Imagine a scenario where after religiously devoting your entire summer to SAT prep, you finally get that 1500 on a practice test, so you sign up for the SAT on Nov. 2. Despite your past record of mid-1300s, this one score boosts your confidence. Despite missing over 10 questions per section regularly, this gives you a glimmer of hope.
The dreaded morning comes and you trudge to your test center, thinking about the countless strategies and tricks to utilize during the math section. The proctor blabs about ethics and accomplishments for over an hour and then the time finally starts at 9 a.m.
Reading section done. Not that bad, except for the fiction passage. Writing section done. What a breeze. Math no calculator section done. The grid-ins were hard but everything else was fine. Math calculator section done. Not too bad.
Your family takes you out to a celebratory lunch for completing such an important milestone. You feel confident and think to yourself “I at least got a 1500.”
After anxiously waiting for over two weeks you finally get your scores back: a 500 in math and a 560 in english — 1060 overall.
Your face turns as hot as the sun and your stomach does backflips. You silently cry to yourself in bed knowing your future and all your hard work is down the drain.
For most of us, junior year is the most stressful year. We’re taking all the APs our counselors allow us to, joining several clubs and meeting those volunteer hours, and on top of all of this, we have to worry about the SAT or ACT, AP tests and subject tests. Having taken SAT prep and the real SAT, I know how annoying standardized tests like these are. Research shows that standardized tests increase anxiety levels to an unhealthy point.
According to The Guardian, in a sample of 145 suicides, 43% of the suicides below the age of 20 dealt with academic pressure before death. And nearly one in three had testing coming up or were waiting for test results.
Furthermore, standardized testing is corrupt and an unfair measurement of one’s knowledge. For example, if one student can afford months of test prep as opposed to another student who cannot afford such prep, chances are the student who receives additional help will perform better, putting this student at an unfair advantage.
To make things worse for lower-income students, standardized tests are not cheap: AP tests this year are 105 dollars, if a student plans on taking four AP tests, that’s 420 dollars spent on education, a fundamental right. Not to mention, the question and answer scantron format implies a simplistic way of thinking where something is only right or wrong, which does not apply to the real world as life is not just black and white.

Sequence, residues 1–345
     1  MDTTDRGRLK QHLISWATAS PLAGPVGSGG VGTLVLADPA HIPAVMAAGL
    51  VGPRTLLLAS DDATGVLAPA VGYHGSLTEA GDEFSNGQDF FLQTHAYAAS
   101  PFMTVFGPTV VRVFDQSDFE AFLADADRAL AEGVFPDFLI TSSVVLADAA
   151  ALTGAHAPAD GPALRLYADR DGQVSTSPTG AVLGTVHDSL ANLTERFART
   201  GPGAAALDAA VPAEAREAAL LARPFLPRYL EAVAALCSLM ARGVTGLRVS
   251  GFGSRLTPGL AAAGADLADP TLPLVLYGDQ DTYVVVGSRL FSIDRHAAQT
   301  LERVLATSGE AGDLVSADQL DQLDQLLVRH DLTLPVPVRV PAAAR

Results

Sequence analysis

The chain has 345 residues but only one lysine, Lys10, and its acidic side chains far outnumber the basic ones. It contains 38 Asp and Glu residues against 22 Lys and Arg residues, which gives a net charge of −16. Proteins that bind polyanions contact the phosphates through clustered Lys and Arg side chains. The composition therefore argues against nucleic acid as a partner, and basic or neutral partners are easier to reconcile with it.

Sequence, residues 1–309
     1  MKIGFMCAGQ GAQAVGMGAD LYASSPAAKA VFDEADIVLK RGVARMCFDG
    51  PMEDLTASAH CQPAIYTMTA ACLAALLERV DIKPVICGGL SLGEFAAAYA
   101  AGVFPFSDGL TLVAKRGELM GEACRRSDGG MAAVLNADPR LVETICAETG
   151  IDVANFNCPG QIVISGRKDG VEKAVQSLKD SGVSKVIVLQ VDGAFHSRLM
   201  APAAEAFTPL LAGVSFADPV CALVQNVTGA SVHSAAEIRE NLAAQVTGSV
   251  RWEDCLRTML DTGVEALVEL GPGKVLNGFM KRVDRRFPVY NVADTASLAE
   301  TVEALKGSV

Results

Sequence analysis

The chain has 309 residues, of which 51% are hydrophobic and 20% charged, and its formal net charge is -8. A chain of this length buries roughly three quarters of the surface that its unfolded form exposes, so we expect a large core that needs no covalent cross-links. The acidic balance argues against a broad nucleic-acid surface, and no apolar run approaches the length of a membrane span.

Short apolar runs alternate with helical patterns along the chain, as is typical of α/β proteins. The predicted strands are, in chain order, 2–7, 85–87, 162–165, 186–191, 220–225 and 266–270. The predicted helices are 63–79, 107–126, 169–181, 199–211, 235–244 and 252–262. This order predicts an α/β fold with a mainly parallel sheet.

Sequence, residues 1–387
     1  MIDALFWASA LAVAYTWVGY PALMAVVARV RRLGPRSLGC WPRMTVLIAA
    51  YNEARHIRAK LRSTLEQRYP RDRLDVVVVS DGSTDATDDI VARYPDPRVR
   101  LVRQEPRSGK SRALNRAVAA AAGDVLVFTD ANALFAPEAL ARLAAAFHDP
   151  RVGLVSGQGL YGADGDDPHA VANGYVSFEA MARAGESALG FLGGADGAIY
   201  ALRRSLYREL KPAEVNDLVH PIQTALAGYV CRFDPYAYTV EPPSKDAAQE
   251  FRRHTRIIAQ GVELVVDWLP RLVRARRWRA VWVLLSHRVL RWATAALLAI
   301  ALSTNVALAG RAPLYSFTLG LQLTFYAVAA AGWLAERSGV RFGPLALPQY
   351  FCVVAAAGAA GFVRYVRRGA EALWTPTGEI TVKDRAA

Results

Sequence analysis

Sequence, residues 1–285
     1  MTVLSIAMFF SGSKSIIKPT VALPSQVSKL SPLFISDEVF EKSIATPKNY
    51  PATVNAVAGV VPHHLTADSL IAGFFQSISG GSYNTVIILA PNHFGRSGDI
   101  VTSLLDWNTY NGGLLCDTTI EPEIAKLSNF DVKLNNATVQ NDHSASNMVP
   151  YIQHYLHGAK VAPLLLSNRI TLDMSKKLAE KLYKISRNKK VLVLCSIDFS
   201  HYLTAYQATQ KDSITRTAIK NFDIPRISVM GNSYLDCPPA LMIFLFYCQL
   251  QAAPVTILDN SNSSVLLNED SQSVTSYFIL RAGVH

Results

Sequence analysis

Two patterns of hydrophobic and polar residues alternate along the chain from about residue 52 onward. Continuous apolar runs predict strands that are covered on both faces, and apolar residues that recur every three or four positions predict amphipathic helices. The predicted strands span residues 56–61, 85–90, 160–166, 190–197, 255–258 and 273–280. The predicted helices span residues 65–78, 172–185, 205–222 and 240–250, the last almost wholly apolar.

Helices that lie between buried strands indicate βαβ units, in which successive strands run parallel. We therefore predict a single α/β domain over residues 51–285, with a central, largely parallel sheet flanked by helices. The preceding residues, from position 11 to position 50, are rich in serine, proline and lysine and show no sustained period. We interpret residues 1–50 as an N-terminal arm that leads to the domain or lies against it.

But if the college board still insists that standardized tests are fair measurements of a student’s intellect, as recorded by Pros & Cons.org a study showed that 50% to 80% of standardized tests caused only temporary improvements, “caused by fluctuations that had nothing to do with long-term changes in learning.”
Yes, standardized test scores can differentiate one another when colleges are accepting millions of students around the world, but colleges must consider admissions essays, cumulative grades, volunteer hours, extracurricular activities. The performance on the SAT or ACT and AP tests should not be the reason why you get deferred or rejected from your dream school, but rather your overall improvement and success throughout your high school years.
While certain colleges are now disregarding SAT and ACT scores, most of the sought after colleges still require this. While we can’t immediately get rid of standardized testing, there are steps that can be taken to remedy this problem.
Number 1, have parents email school board members or the college board itself. With a mass of students and parents uniting, it will make it significantly more difficult for this to jeopardize your future.
Number 2, write letters to local legislators and newspapers; while this won’t instantly get rid of standardized testing, it can at least bring awareness to this issue.
Number 3, organize forums with your community and increase publication through social media platforms.
And number 4, sign petitions on the internet to make your voice heard.
No matter how well or poorly you do on your upcoming standardized tests, just know these tests don’t define you and let’s stand against standardized testing.